Obama Takes Responsibility for Midterm Election Losses

The president acknowledged he took a “shellacking” in the elections, but stood by his policies.

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By Kenneth R. Bazinet and Corky Siemaszko
DAILY NEWS STAFF WRITERS

President Obama acknowledged Wednesday that he took a "shellacking" at the hands of the Republicans but said he stands by his policies.

With the stinging rebuke, Obama acknowledged he is ready to work with GOP leaders to solve the nation's ills.

"This is something, I think, every President needs to go through," a somber Obama said a day after his Democrats were trounced at the ballot box and the Republicans took control of the House.

Obama said he understands the anguish of average Americans during these tough economic times - and conceded he hasn't done enough to let the people know he feels their pain.

"In the rush of activity we lose track of the ways that we connect with the folks that got us here in first place," he said. "Those letters I read every night, some of them break my heart. But nobody is filming me reading those letters."

[See a photo gallery of the Obamas behind the scenes.]

Obama said he takes some comfort in the fact that "a couple great communicators, Ronald Reagan and Bill Clinton, were standing at the podium two years into it (their first terms) getting these kind of questions."

It was an out-of-character admission from the normally cool and composed Obama whose critics have accused him of leading the nation more like a professor than a President.

Four years ago, President Bush admitted to receiving a "thumping" from the Democrats in the congressional elections. But he still managed to muster a grin.

There was no smile on Obama's face at the White House when he emerged for his first post-election-debacle press conference.

[Check out a roundup of political cartoons on Obama.]

Obama quickly made news by signaling a willingness to possibly compromise on the Bush tax cuts. He had said in the past he wants to extend them to everybody except people making over $250,000-a-year.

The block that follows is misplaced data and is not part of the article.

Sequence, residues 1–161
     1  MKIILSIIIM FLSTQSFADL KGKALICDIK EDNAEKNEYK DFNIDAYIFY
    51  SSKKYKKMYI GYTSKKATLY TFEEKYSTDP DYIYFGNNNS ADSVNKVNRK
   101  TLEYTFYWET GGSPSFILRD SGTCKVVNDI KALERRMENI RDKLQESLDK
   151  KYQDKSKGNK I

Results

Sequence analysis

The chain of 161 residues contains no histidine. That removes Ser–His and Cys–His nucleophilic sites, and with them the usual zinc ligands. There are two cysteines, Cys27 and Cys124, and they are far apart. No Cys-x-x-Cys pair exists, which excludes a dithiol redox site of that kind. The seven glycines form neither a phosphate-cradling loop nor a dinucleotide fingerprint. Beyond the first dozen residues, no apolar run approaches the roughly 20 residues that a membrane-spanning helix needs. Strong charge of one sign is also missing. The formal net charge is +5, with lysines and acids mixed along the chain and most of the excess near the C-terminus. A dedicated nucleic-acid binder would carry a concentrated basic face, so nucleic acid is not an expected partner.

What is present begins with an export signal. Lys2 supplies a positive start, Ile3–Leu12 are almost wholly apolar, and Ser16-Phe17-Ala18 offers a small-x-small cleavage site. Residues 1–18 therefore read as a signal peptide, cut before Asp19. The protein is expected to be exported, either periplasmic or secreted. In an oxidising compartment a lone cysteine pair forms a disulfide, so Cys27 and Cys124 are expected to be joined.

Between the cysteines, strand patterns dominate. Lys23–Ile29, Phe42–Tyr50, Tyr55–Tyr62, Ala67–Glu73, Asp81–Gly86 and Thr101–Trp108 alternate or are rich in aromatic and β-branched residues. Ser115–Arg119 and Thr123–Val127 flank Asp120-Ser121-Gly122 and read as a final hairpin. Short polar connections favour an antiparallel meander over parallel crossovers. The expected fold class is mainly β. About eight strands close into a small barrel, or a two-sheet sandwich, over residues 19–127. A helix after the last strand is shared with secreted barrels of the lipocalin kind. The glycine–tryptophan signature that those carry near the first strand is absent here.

"My goal is to make sure we don't have a huge spike in taxes for middle class families," he said. "It would be bad for our economy."

Obama also said he's willing to discuss ways of improving his signature healthcare reform, but won't scrap it altogether as many Republicans have demanded.

The President also reiterated his desire to scrap "Don't Ask, Don't Tell," another move opposed by many in the GOP.

When asked how if felt to get thrashed at the polls, Obama drew some chuckles by answering, "It feels bad."

"I take responsibility for it," he said.

Obama addressed the press after jubilant Republicans claimed a mandate to roll back much of what the President and the Democrats accomplished in the last two years.

"It's pretty clear the American people want a smaller, less costly, more accountable government here in Washington," said Ohio Rep. John Boehner, who is expected to be Speaker of the House when the new Congress begins work in January.

Obama said he's open to ideas from the GOP but "no one party will be able to dictate where we will go from here, we must find common ground."

The President said he got the message loud and clear that the "number one concern is economy" and that Americans are "deeply frustrated" by the high unemployment.

"They want jobs to come back faster, they want paychecks to go further," he said.

Obama insisted the economy has begun to recover since he took office but "people aren't feeling that progress."

"They don't see it," he said. "We have not made as much progress as we need to make."